• The Bigeye: The rare tuna is also the most sought after and exceptionally powerful, generally moving in groups. These can weigh up to 400 lbs. and live nearly 12 years. Often they remain in the deepest water for the majority of the time at approximately 250′ below or more.
The fish are predictable. Fishers tend to capture these in the same spots each time they go with the best opportunities at night right before dark as well as before the first light. Trolling deems the best technique in the Atlantic, Indian, or Pacific waters.
• The Bluefin: The claim is that this guy is the most desired of the tuna family. When Bluefin indulges in a feeding frenzy on their choice of sea herring, they tend not to pay attention to what’s happening around them, allowing boats to come in close to them without their swimming off. It’s possible to get a line in with none being the wiser.
These can be an unpredictable fish making it necessary to have a variety of techniques for catching them. They are especially partial to fat, large bait. When they are full from feeding, they will generally rise to the surface for running. Some believe this is a method for assisting in their digestive process. They feed heartily in the morning and do their running in the afternoon offshore.
When they are feeding close to the top and trolling conditions are right, the recommendations for these tuna are to employ gear including squid spreaders, Joe Shute black/purple, blue/white landers with ballyhoo rigged on them, cedar plus, tuna birds, daisy chains. It would be best if you used a speed of up to 8.5 knots to attract them.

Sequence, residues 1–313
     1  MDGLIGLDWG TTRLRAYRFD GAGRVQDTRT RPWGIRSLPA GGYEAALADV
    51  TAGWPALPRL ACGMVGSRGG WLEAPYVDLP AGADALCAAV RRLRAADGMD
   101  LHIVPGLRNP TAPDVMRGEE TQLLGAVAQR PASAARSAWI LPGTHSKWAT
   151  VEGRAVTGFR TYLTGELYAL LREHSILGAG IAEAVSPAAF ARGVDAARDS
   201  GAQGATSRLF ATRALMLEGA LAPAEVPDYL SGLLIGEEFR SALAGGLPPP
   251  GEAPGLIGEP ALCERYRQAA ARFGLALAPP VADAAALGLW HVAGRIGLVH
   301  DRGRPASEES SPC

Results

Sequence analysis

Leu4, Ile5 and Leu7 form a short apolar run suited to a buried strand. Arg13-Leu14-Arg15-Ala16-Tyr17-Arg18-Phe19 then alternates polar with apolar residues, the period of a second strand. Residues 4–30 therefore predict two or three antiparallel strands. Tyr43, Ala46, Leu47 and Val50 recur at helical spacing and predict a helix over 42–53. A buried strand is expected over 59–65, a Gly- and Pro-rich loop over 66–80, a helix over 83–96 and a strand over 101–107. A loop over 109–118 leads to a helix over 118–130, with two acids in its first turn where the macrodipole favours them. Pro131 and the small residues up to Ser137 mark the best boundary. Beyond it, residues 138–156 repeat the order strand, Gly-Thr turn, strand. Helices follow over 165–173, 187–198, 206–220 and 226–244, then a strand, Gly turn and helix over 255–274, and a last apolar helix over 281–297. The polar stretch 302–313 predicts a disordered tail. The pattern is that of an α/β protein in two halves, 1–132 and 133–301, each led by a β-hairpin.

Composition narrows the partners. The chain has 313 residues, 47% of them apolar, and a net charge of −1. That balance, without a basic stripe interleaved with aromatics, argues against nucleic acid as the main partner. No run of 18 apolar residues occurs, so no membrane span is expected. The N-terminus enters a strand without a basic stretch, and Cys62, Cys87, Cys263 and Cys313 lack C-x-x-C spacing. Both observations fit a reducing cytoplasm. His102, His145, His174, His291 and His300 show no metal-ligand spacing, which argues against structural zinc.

• The Yellowfin: The ‘torpedo-shaped’ fish has a streak of yellow beginning at its eye and following to its tail weighing as much as 100 lbs. at its highest except for the Pacific species, which can grow up to 400 lbs. These are not as unpredictable as their Bluefin cousin, but they do claim to put up a vicious fight in many cases taking full advantage of their size. This is why anglers employ a method of baiting at various depths as they troll with a shallow one to start.
The suggestion is to use hooks ‘No. 10 or No.9,’ but these would need to be more significant for the Bluefin species. For this fish, the artificial lure can also be useful. Squid lures, plugs, and large spoons will also attract this species. Fish in this type generally travel in packs above the thermocline with no migration predictability and no specifics as far as food preferences.
Ballyhoo and squid using skirts or not are a good standby. The recommendation is to seek out birds because that is where the baitfish are, making for an excellent chance to find the tuna as well.
Trolling deems to be the most common technique for fishing for tuna. The method you use will depend on the species you’re hoping to catch and the baitfish you see in the area where you’re located. You have to be detail-oriented in this sport if you want to be successful, paying close attention to the smallest of details. It’s important to also educate yourself on what these are so you’re able to watch for them.
Tuna are genuinely open to a variety of different bait and lures, which can be exceptionally beneficial for a fisher. Still, it can make for an overwhelming selection, plus you need to have a wide variety available to you being quick on your feet when things need to be changed up. The one real takeaway in learning about tuna fishing – you’ll never be bored.